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Russia tightens food import regulations

by 5m Editor
17 April 2007, at 10:29am

MOSCOW - Russian veterinary services have recently imposed a number of bans on imported meat, poultry and fish, causing all kinds of accusations - from protectionism to the use of trade for political ends.

But in reality, Russia is merely trying to protect itself against a flow of products unfit for consumption. Exporters of food to Russia have realized that it is no longer a refuse pit for inedible meat from all over the world.

A French colleague who writes on agricultural issues, in particular, on food exports from the European Union to Russia, has asked me recently about the reason behind numerous import bans. Are European foods so bad or are the Russian vets and customs being difficult? The answer is somewhere in between.

First, the EU eastward expansion has lowered quality standards and compliance with veterinary and sanitary standards. There is a huge gap in the agricultural level of the old and young members of the EU. Many agricultural producers are still below European standards. Nobody is saying that the EU's expansion has reduced the quality of food. The problem is that the farmers cannot sell poor quality foods in the competitive European market, and the produce that does not comply with rigid European standards is exported.

Second, the Federal Service for Veterinary and Phytosanitary Oversight has changed beyond recognition. The time of anarchy, grey imports, a mess with certificates, bribes to customs officials and sanitary inspectors, and one-day and one-contract companies has gone never to return.

Russia is steadily increasing its food imports, and not only because of a shortage of its own produce. The increasing living standards are changing the diet. As a result, Russia is importing several billion euros worth of foods. It could be importing even more if their quality did not leave much to be desired.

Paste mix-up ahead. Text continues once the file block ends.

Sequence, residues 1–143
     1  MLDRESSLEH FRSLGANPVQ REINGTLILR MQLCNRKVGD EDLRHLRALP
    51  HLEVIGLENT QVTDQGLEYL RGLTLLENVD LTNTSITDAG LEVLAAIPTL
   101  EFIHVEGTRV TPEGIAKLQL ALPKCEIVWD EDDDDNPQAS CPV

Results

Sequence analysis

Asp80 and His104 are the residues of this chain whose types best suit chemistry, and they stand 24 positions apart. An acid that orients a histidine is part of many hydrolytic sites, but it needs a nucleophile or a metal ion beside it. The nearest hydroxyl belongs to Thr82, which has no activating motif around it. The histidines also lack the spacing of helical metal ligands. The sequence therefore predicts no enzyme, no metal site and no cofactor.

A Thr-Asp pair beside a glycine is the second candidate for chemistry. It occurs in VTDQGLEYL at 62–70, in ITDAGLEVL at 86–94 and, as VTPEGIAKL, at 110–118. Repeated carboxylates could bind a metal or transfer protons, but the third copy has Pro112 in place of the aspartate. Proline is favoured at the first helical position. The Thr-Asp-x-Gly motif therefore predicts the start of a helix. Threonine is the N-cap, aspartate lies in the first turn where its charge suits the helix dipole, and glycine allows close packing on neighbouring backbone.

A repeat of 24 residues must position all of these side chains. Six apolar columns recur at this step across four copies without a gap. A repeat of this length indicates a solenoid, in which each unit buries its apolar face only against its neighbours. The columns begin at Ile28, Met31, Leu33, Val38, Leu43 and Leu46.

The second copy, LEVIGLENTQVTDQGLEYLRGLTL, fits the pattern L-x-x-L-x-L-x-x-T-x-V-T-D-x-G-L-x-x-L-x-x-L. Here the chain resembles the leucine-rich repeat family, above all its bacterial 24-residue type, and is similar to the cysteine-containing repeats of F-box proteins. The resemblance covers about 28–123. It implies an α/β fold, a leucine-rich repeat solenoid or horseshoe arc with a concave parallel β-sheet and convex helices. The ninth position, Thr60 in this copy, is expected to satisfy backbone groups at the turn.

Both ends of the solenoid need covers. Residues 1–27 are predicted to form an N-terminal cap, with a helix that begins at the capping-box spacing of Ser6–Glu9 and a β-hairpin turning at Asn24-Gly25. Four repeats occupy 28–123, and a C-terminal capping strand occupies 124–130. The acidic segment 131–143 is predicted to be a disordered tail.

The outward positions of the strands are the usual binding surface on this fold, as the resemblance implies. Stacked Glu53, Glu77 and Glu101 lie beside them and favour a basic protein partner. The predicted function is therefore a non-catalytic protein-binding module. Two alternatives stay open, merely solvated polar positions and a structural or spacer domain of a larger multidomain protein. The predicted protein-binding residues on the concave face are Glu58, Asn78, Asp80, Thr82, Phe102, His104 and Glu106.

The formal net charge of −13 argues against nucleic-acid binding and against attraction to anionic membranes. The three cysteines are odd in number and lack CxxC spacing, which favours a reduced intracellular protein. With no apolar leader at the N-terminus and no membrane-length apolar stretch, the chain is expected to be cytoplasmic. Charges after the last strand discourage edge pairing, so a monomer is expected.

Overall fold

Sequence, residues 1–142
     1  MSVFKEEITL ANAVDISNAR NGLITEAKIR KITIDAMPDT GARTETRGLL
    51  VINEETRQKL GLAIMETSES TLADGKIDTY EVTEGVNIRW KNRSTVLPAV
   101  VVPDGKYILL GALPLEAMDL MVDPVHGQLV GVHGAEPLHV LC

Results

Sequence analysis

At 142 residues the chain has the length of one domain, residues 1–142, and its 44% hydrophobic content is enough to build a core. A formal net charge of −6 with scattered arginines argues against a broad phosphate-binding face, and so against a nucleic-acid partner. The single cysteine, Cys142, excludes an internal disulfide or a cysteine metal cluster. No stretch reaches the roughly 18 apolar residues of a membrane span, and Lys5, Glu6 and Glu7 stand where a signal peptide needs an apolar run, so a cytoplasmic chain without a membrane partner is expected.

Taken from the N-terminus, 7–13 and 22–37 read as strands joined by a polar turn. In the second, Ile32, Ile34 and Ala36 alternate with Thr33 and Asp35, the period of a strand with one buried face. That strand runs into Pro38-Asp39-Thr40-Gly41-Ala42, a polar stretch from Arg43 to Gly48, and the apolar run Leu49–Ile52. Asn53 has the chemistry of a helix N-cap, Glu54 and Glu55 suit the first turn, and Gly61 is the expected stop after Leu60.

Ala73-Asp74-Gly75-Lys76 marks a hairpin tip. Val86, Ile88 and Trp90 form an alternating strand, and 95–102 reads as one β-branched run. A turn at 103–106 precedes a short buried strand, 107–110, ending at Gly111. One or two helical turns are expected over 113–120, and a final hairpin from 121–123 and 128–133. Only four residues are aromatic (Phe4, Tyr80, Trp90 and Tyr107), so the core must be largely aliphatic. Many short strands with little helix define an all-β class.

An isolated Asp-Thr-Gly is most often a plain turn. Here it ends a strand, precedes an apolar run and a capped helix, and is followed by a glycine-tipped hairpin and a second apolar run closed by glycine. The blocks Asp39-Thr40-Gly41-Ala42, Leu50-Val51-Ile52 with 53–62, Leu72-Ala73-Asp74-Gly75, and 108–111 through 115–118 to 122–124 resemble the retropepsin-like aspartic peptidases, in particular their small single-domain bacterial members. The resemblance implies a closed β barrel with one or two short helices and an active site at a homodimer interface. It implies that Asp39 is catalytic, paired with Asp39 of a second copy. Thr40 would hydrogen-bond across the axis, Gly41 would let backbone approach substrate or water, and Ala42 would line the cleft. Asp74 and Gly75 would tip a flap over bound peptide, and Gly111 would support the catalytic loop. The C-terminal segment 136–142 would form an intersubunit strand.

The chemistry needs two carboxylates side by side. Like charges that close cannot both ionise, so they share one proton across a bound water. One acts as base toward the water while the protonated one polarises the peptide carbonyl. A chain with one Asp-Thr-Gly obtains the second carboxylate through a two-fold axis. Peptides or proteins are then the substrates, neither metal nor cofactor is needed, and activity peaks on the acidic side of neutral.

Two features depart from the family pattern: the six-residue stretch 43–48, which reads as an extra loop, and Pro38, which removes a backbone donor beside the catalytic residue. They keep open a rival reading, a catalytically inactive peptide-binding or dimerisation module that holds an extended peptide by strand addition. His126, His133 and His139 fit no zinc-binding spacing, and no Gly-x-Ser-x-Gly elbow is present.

Almost daily, I receive e-mail messages from the Federal Service for Veterinary and Phytosanitary Oversight about bacteria or toxic chemicals detected in imported products. Reading these reports is enough to make one sick.

I have learned numerous names of chemicals and mysterious diseases of flora and fauna, ranging from the now routine strains of avian flu, salmonella and foot-and-mouth disease to the exotic Newcastle and Bluetongue diseases, listeria species and Californian thrips. Surprisingly, they are arriving in Russia not from tropical islands but from the well-tended Europe, where pesticides have been banned for a long time now, and all pests destroyed. Some of them are re-exported to Russia from Europe. Thrips, for example, is not found in Europe, but arrives there with vegetables and flowers from third countries. The same is true of toxic chemicals - a high proportion of pesticide called methamyl was detected in the Peruvian grapes that the Netherlands exported to Russia through the Hispa Fruit company.

Despite the assurances of European veterinary officials, the quality of foods exported to Russia has not improved. Last March alone, Russian inspectors barred 20 batches of bad EU meat (178 tons), dairy (10 tons), and fish (135.5 tons) products. In addition, they stopped frozen fish from France that crossed the Russian border together with chicken breasts, and four meat containers that left the Netherlands with accompanying documents for frozen vegetables.

Some products change their origin at the border or have no documented origin whatsoever. Some 113 tons of apples and 16 tons of greens almost landed in a Moscow market. Grown in Poland and registered as Lithuanian, they contained a high content of cadmium, chlorpyrifos, and dimethoate - an absolute no-go.

All in all, since the start of 2007 Russia has imposed temporary restrictions for different export violations on agricultural companies from the United States (four meat-processing firms), France (one), Germany (11), Belgium (one), Spain (one) and the Netherlands (three). The Dutch plants NL5033EG, NL5029EG and NL5014EG supplied minced chicken meat with salmonella agents. Temporary sanctions have also been introduced against dozens of Latin American and Asian companies.

Source: RIA Novosti

5m Editor